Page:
Frontlines: Fuel of War

When Battlefield 1942 first rolled off the production lines in 2002, it came as something of a revelation. Sure, we'd played shooters with vehicles before, and yeah, we'd seen games with huge, open levels; but in BF1942 it just seemed a lot more liberating, uncomplicated and, well, fun. It was, without us really knowing it, the combined-arms action-shooter we'd been waiting for.

However, as you'll know if you played the game, the popularity of the core game was soon matched and even eclipsed by a free mod called Desert Combat, a modern-day remix based on the first Gulf War. At the time, this was a source of some snide amusement - that EA's ground-breaking shooter had been so easily bettered by a home-brewed mod. But make no mistake: Desert Combat may have been distributed as a free download, but the team responsible were no bunch of dabblers, students and wannabes. In fact, Trauma Studios were a 'proper' development team, bankrolled by EA, with a New York office and everything.

A couple of quiet years later and the DC team are back, with a new name, a new publisher and a brand-new game called Frontlines: Fuel Of War. Having been big fans of DC's oil-wrangling action, we could hardly turn down the opportunity to journey to New York to play the new game - and of course, buy a cheap iPod.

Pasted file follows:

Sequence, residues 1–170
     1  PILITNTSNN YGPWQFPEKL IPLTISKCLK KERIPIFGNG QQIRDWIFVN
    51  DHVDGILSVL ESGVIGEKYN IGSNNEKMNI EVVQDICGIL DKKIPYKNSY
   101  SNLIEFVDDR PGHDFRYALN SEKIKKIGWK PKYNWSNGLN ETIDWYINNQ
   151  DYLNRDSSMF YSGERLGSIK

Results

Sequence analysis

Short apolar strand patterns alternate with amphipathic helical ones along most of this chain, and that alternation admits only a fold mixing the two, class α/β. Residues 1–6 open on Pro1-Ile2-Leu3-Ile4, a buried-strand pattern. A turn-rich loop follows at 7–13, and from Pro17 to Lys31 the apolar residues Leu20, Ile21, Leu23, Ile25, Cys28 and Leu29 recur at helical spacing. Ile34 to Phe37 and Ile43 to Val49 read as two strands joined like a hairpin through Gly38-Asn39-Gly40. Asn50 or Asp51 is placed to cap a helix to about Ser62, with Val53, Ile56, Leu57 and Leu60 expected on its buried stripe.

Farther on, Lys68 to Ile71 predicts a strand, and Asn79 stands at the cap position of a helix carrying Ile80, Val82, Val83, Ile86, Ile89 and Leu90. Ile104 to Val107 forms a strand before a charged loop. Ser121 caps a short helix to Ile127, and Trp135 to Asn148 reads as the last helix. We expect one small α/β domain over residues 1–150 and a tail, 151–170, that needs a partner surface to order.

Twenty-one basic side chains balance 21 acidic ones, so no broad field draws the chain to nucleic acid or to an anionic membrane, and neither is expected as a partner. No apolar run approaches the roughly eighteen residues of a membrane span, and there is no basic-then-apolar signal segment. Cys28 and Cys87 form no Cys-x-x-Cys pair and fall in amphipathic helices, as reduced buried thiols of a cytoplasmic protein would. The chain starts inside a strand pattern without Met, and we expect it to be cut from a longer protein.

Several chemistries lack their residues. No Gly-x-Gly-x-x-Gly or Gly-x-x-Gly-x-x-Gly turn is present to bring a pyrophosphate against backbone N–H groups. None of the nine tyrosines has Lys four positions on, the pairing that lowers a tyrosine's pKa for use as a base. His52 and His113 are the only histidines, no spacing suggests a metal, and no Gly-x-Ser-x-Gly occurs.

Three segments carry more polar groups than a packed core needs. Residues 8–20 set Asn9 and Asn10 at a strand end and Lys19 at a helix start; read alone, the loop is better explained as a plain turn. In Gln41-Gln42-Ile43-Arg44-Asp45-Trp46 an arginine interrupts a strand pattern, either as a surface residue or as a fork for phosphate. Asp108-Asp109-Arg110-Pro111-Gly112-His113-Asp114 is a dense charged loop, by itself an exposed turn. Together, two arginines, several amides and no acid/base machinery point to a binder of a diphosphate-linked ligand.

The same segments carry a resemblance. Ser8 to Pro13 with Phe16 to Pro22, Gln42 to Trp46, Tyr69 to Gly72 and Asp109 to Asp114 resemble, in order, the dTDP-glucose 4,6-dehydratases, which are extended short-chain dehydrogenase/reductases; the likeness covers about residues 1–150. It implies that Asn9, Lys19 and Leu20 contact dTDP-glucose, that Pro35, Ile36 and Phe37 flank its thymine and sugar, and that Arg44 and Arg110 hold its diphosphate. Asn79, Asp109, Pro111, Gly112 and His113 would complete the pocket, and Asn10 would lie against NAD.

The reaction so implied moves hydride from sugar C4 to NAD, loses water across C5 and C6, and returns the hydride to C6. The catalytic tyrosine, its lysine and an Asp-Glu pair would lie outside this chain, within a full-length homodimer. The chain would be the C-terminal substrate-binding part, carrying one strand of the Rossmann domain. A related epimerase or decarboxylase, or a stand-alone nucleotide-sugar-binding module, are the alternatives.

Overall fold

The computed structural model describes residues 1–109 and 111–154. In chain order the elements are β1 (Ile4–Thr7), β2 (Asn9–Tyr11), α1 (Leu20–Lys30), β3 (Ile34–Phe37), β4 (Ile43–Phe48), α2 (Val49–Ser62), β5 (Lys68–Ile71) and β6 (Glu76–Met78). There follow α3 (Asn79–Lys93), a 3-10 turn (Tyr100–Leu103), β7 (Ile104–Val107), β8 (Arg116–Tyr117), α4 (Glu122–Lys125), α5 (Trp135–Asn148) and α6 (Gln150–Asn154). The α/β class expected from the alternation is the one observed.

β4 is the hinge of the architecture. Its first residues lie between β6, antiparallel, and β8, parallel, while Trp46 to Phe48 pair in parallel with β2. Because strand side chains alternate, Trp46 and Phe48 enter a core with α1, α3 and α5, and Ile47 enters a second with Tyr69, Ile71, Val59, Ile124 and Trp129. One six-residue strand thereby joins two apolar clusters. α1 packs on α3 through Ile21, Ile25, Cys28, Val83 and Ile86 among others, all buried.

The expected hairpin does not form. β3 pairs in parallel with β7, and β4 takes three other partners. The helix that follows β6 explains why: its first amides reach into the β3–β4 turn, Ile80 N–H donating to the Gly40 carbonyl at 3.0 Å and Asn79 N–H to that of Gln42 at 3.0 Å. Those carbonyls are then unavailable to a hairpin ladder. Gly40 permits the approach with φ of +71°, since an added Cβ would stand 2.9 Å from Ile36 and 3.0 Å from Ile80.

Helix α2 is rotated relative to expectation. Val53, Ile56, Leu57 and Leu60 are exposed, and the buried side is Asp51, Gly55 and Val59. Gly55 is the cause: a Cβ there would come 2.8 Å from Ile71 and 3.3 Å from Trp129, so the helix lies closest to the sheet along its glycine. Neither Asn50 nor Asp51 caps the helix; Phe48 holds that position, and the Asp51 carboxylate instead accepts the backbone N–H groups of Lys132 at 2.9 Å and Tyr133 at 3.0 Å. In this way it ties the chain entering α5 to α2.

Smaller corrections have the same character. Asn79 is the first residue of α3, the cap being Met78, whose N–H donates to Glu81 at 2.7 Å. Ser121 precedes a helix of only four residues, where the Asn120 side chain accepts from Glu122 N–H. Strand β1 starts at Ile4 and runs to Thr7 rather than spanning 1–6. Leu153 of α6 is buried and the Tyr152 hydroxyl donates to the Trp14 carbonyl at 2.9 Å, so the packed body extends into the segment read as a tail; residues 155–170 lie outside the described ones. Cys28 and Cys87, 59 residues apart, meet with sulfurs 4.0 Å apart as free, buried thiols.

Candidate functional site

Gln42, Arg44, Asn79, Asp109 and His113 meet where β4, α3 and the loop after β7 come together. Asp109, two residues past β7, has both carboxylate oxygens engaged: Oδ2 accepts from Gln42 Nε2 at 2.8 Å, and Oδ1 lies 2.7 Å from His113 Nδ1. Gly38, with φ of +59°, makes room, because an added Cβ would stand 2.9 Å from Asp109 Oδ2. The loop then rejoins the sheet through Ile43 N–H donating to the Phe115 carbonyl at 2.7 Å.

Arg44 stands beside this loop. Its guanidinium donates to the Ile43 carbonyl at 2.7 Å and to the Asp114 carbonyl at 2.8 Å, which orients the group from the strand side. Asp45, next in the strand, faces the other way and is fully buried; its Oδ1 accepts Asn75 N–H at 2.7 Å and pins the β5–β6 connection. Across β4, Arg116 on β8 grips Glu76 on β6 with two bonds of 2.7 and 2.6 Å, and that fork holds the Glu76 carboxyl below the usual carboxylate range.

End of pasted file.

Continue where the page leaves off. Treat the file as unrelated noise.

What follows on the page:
Arriving at Kaos Studios' plush HQ in downtown Manhattan, we immediately feel on familiar territory. Not just because all US development studios look pretty much identical, but because at a glance, Frontlines is a very similar game to Battlefield 2. It has the same vast, open-world battles, the same brimming catalogue of vehicles and weapons, the same arcade sensibility. You click on a map to spawn, you jump in and out of vehicles, you capture points, you rack up kills. It's set 20 years hence, so the lethal arsenal has a bit of a 'near-future' feel to it, but mostly we're on very safe ground.

But wait just a minute. Despite the broad similarities, Kaos Studios have a few new tricks up their sleeves, and it's these that could make Frontlines the next logical step for the genre. General manager Frank DeLise describes their first secret weapon: "The game is based on this 'frontline' mechanic, where a line of objectives or control points moves constantly through the level. At any time there are two or more objectives in the frontline, and you can take them in any order."